Closer to home, one of every 11 people in both the local health district and the state of Virginia has contracted the virus since March 2020, according to Virginia Department of Health data.
Long COVID—a condition which leaves people with long-term issues—isn’t a rarity, but is impacting 1 of 10 people nationwide who’ve gotten the infection, said Dr. Christopher Newman, chief medical officer of Mary Washington Healthcare. Issues from long COVID including ongoing loss of taste and smell, chronic fatigue and brain fog, severe weakness and symptoms akin to post traumatic stress disorder.
While the worst peaks in cases, to date, came before vaccines were widely available, the highly contagious delta variant has fueled a new spike. Virginia is facing a two-month surge of new cases and hospitalizations that started in mid-July and “has continued on an alarming upward trajectory since,” according to the Virginia Hospital & Healthcare Association.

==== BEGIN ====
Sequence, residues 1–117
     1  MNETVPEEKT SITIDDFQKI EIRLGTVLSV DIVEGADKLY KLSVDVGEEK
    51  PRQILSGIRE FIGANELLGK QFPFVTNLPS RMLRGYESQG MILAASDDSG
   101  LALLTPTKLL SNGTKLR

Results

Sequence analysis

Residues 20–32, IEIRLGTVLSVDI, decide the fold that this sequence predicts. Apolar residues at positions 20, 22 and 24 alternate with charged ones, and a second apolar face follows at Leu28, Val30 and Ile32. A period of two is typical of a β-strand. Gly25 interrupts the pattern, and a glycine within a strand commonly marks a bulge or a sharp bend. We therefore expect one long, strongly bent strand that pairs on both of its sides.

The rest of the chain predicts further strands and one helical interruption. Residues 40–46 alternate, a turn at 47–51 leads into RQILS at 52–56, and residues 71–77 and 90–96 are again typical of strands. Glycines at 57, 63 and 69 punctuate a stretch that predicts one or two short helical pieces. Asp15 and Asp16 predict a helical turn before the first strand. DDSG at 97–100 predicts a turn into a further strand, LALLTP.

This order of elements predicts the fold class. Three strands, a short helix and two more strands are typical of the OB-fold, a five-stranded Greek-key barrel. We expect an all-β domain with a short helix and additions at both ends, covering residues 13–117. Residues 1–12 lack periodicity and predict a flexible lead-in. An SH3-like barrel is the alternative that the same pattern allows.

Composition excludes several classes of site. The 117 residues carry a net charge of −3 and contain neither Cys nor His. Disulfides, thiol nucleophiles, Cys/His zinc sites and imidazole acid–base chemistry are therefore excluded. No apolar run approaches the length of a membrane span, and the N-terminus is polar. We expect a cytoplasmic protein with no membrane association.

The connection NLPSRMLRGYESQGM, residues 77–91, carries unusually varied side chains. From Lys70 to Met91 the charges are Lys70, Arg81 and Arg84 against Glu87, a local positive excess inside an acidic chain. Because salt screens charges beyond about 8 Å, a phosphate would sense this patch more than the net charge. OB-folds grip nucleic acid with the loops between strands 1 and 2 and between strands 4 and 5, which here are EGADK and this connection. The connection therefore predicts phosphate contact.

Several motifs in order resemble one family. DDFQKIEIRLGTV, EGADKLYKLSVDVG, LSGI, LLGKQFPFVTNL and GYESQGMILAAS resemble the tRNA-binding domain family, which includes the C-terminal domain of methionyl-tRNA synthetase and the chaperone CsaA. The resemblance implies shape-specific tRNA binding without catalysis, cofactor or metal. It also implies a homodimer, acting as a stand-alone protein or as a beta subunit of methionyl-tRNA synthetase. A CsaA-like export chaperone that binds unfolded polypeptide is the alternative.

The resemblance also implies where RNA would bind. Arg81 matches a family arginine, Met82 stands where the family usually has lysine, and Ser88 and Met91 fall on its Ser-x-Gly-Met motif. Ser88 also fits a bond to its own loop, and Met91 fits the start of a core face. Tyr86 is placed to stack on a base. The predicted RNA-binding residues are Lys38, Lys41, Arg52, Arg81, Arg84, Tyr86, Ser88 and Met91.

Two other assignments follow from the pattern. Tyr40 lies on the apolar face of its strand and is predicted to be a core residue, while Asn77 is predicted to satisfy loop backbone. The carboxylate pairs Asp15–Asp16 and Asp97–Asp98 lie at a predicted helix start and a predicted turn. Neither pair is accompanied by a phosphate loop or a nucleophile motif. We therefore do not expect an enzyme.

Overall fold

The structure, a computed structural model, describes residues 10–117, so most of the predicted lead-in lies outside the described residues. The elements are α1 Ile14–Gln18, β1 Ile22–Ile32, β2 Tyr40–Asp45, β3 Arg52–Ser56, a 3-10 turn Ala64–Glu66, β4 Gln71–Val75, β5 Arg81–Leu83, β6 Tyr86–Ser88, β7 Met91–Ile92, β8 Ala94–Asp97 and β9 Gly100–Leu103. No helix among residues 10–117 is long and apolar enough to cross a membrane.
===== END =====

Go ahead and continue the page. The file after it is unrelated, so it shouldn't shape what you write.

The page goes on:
Across the state, daily hospitalizations rose from 195 per day in early July to more than 2,100 per day currently, the association reported Wednesday. Hospital beds, especially in intensive care units, are being filled just as facilities across the state are experiencing increased demand for emergency services and providing care to Afghan refugees newly arrived in the country, the VHHA stated.
For all those reasons, the association has launched a statewide campaign to promote the importance of COVID-19 vaccines which VHHA considers “a safe and effective way to help us move beyond the pandemic and return to some version of normalcy,” said VHHA President and CEO Sean Connaughton.
While an analysis from the Peterson–Kaiser Family Foundation Health System Tracker found that 98 percent of American adults hospitalized for COVID-19 in June and July were unvaccinated, the number of cases among vaccinated people—called breakthrough infections—is growing, presumably because of the delta variant.
Look at the explosion of breakthrough cases in the last month. As of Aug. 13, the Virginia Department of Health reported 4,056 vaccinated people statewide had been diagnosed with COVID-19. Of that number, 233 were hospitalized and 52 died.